NICOSIA – Relucantly imposing European Union sanctions over the invasion of Cyprus, Cyprus – home to Russian investors and a favored by Russian tourists – has reportedly revoked 21 residency permits and passports for for Russian oligarchs and their families.
That was reported by In-Cyprus, a news outlet owned by Phileleftheros Media, which said the move was made in accordance with sanctions to seize Russian assets, including its wealthy.
That would see the revocation of passports for dual citizens including businessmen Alexander Ponomarenko, Vadim Nikolaevich Moskovic, Mikhail Gutseriev, and Alexei Kuzmichev, as well as the passports of 17 family members.
The Cyprus press office did not immediately respond to requests from Business Insider for a comment or reaction although a previous residency program selling EU passports to wealthy foreigners was ended after it was found open to money laundering, criminal activity and scandal.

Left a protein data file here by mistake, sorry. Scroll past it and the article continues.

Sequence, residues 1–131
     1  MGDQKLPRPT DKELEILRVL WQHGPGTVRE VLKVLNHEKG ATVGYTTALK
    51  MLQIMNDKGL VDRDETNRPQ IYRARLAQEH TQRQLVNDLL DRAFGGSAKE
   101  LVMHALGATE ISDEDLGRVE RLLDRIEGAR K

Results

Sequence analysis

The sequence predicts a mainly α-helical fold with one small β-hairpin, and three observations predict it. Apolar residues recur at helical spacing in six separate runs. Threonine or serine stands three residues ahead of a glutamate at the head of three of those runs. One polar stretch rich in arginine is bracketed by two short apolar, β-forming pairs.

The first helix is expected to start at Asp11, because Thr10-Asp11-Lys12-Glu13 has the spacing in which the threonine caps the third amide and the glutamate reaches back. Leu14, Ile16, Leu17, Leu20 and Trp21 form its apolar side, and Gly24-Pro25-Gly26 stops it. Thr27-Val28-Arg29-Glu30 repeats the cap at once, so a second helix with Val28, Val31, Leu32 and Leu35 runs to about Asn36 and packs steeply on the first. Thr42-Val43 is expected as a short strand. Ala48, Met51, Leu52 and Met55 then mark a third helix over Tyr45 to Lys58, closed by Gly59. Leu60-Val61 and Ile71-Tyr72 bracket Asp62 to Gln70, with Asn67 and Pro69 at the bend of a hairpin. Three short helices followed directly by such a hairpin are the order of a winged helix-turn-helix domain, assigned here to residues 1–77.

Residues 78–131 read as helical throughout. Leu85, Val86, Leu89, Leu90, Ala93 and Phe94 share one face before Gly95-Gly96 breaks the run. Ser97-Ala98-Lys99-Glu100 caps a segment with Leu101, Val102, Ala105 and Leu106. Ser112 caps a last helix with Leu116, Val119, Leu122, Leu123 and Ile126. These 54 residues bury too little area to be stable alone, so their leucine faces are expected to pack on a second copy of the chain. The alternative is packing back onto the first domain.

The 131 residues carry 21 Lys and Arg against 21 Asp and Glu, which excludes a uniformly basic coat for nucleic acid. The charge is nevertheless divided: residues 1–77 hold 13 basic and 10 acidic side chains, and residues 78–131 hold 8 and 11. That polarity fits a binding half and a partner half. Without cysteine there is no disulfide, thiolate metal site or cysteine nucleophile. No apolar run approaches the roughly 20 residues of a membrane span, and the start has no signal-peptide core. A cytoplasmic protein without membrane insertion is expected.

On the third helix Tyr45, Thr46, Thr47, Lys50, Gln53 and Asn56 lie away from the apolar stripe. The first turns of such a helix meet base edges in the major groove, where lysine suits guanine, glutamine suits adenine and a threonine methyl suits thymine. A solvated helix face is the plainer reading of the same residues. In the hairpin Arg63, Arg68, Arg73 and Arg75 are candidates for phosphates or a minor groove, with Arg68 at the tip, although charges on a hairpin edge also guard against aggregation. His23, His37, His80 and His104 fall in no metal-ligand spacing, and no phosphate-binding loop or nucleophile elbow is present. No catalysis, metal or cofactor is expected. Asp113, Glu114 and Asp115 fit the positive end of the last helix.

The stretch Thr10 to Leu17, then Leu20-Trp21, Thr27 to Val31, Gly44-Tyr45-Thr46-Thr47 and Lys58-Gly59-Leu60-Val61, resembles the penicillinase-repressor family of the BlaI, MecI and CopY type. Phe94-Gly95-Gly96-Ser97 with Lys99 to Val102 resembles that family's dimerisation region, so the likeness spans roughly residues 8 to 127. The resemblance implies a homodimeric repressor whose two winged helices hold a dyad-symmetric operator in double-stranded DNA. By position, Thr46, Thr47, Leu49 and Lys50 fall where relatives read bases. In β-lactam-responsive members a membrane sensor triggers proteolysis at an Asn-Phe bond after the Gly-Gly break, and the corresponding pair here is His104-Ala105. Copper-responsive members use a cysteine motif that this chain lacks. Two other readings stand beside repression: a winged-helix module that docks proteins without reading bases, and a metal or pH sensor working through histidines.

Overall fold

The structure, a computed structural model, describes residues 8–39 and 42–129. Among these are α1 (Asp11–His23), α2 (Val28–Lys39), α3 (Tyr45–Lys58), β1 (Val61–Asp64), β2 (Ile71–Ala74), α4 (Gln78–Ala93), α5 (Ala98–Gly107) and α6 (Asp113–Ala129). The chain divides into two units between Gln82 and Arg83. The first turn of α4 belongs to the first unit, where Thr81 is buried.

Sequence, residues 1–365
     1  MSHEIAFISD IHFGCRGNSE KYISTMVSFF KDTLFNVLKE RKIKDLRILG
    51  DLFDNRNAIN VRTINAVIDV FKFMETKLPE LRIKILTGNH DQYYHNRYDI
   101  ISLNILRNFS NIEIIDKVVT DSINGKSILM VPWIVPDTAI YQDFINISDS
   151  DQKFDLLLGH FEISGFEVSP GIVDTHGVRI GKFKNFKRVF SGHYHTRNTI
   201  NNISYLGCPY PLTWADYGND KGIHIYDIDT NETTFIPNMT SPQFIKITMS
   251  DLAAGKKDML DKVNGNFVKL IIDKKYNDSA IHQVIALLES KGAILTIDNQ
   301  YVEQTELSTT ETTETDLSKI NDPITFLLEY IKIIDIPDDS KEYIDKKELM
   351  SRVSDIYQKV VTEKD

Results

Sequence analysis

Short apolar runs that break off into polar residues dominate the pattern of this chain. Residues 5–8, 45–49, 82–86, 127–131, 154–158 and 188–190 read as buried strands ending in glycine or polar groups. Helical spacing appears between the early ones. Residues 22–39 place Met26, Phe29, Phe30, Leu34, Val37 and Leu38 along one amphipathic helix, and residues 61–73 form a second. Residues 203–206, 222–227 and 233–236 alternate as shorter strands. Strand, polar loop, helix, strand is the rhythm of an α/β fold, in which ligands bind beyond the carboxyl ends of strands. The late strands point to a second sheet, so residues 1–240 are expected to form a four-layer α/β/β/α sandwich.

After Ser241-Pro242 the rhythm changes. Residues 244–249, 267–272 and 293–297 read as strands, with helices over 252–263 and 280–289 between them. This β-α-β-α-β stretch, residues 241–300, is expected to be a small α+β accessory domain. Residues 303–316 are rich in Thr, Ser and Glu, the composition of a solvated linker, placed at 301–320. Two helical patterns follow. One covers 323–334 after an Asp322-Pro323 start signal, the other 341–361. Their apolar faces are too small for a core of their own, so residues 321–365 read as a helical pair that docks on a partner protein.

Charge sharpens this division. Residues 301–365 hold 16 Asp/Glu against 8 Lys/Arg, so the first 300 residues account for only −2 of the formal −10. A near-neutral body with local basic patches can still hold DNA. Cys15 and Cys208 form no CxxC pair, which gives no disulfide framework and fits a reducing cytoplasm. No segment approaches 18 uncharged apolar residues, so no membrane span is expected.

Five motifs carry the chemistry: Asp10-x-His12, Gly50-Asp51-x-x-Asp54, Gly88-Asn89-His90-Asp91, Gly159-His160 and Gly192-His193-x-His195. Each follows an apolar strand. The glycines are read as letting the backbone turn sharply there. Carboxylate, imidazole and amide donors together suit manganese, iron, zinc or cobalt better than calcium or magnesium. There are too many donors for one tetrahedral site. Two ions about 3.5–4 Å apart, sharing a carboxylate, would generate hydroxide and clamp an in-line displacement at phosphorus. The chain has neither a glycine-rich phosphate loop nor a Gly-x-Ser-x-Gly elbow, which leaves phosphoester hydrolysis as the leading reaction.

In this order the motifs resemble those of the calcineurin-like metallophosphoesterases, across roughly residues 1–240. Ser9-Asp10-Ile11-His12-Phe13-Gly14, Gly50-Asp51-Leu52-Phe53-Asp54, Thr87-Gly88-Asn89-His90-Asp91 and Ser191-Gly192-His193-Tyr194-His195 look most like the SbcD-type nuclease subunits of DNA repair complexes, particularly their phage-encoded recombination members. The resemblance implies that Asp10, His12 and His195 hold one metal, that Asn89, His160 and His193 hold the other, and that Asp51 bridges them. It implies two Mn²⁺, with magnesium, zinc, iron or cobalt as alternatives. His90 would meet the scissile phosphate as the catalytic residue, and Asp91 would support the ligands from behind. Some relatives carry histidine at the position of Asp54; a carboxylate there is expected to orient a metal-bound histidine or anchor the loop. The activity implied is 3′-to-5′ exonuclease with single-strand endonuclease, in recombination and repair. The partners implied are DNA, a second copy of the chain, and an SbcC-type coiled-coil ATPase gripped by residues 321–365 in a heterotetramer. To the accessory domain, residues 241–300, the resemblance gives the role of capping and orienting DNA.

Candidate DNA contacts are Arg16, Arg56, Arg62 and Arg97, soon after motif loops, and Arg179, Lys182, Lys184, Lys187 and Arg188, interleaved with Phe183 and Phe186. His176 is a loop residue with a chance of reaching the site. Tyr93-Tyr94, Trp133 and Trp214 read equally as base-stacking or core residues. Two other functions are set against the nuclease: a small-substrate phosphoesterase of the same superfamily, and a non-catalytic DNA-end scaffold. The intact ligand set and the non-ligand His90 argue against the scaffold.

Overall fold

Cyprus, following the sanctions, is also disallowing flights from Russia, a key tourism market, but said that could be reconsidered and bring a break with the EU if too many Russians go to Turkey instead.
The move to yank the passports came after Ukrainian President Volodymyr Zelenskyy held a video conference with Cyprus’ Parliament and urged the government to take away the Russian citizenships, said Reuters.
Cyprus stopped accepting new residency permit foreign applicants in 2020 after an undercover investigation led by Al Jazeera revealed corruption within its vetting process found open to wrongdoing applicants.
The program previously granted citizenship to foreigners who invested at least $2.2 million in the country. Between 2007 and 2020, this provided 2,886 Russian nationals with dual citizenship, added Reuters.
Russian investment in the country were more than $100 million in 2020, making it Cyprus’ top source of Foreign Direct Investment, according to data published by the Central Bank of Cyprus, the Insider said.
The EU asked all member states who have Golden Passport schemes – including Greece – to revoke them and the passports for Russians tied to President Vladimir Putin’s administration.
“European values are not for sale,” Didier Reynders, the Commissioner for Justice and Consumers, said during a speech in late March.
“We consider that the sale of citizenship through ‘golden passports’ is illegal under EU law and poses serious risks to our security. It opens the door to corruption, money laundering and tax avoidance.” But they haven’t been banned.